Family Betrayal in Myth and Modernist / Post-Modernist Drama Term Paper

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Family Betrayal in Myth, Modernist, and Post-Modernist Drama

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Although Susan Hazen Hammond's short story "The Kidnapped Wife and the Dream Helper," Arthur Miller's drama "All My Sons," and P.J. Gibson's play "Long Time Since Yesterday" all dramatize the struggles of individuals trapped in uncomfortable family relationships that they discover are full of mistaken assumptions and lies, the three works contain vastly different conceptions of what constitutes the human character, and how a character should be dramatized over the course of a story. Hammond's tale is a retelling of a Native American myth. The character, even the most dynamic character of the piece that of the male warrior, father, and husband, is not what a modern reader would call a well-rounded character. He is compltetly 'bad' at the beginning of the piece, ignoring his wife, then suddenly shifts to being a 'good' character, in the quest to recover her. In the Miller piece, Joe Keller and his son Christ are depicted as far more complex, psychologically rounded characters. Joe Keller wants to do good things, and help his family prosper, but he commits evil actions in his quest. Unlike the Native American fable, character, and the failures of character drive the plot of the tale. Finally, the Gibson work, takes a post-modernist view of the characters of Janeen and Layer. The play is a 'memory play,' dramatizing the differences between how we remember the past and the reality of the past. The play is not action-driven, like the myth, or even driven by poor decision-making, rather it seeks to probe the question of what makes a good life, without providing a final answer.

Term Paper on Family Betrayal in Myth and Modernist / Post-Modernist Drama Assignment

At the beginning of the Hammond fable, the man of the tale is a feckless, reckless warrior. All he cares about is winning a battle. He does not value his wife's love, and allows her to accompany him only grudgingly as he rides into the fray. He pushes her farther and farther away on the back of his horse. This symbolizes the distance the man desires to keep between himself and all feminine influences. Eventually, however, he loses her. By failing to value his wife and the mother of his child, he loses her influence in his life entirely. He wins great, masculine military glory but this is meaningless to him without his wife. He realizes that he has lost what he values most in the world. Then, the man goes out in search of his wife. He is warned about the danger of doing so. However, the man decides that life is not worth living without love.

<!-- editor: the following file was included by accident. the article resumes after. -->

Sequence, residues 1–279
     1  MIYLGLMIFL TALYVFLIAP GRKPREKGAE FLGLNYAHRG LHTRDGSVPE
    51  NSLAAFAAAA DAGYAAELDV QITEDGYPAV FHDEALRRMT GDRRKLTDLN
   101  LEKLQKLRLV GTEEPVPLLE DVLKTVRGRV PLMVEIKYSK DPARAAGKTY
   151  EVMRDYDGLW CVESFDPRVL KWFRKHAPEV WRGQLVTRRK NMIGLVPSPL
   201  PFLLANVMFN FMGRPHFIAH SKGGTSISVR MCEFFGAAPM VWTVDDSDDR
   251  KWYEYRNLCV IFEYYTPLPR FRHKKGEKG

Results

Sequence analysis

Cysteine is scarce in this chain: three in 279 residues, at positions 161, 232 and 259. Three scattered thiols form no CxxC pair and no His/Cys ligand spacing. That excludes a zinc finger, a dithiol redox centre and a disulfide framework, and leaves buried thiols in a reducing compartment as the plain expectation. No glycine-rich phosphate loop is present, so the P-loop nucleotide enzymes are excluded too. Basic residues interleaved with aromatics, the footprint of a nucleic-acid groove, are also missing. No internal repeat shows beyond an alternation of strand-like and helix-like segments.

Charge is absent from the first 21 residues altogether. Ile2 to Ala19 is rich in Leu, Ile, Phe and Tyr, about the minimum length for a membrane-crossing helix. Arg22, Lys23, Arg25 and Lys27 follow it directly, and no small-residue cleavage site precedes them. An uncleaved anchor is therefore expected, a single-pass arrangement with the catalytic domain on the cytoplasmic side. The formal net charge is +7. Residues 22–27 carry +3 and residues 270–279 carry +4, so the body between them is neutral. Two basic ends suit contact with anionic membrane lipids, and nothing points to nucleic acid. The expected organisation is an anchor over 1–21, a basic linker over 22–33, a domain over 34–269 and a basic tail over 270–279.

This change in the man's value system occurs very suddenly. The only consistency in character is his bravery, in battle, and in searching for his lost wife. The character of the man, and even more so the character of the woman, seems static, and representational, rather than complex. Rather than doubt his actions, the man is either entirely given over of fighting in battle, or entirely devoted to searching for his wife. There is no middle ground. This is why the tale strikes the reader as a fable, rather than a psychologically realistic portrayal. The man's selfish character instigates the drama of the tale, but it is resolved in a conventional, fairytale like formula.

In contrast, the characters of Arthur Miller's "All My Sons" are fully dimensional. Joe Keller, the patriarch of the Keller clan, made a terrible decision. In seeking to build a successful munitions firm, he ignored a very evident defect in one of the parts he was manufacturing. This resulted in the death of many American servicemen, and also drove his son Joe to apparently commit suicide, when he heard about his father's trial. Keller wanted to create a successful, happy American family and live the American dream. However, to do so, he acted carelessly and recklessly, and caused the destruction of many young men's future lives. He also destroyed the family he was seeking to build, much like the man in Hammond's short story. But unlike the anonymous man, Keller is never entirely bad or good. He knows what he did was wrong, but covers up the moral implications of his bad actions with rationalization and a show of anger. When he sees… [END OF PREVIEW] . . . READ MORE

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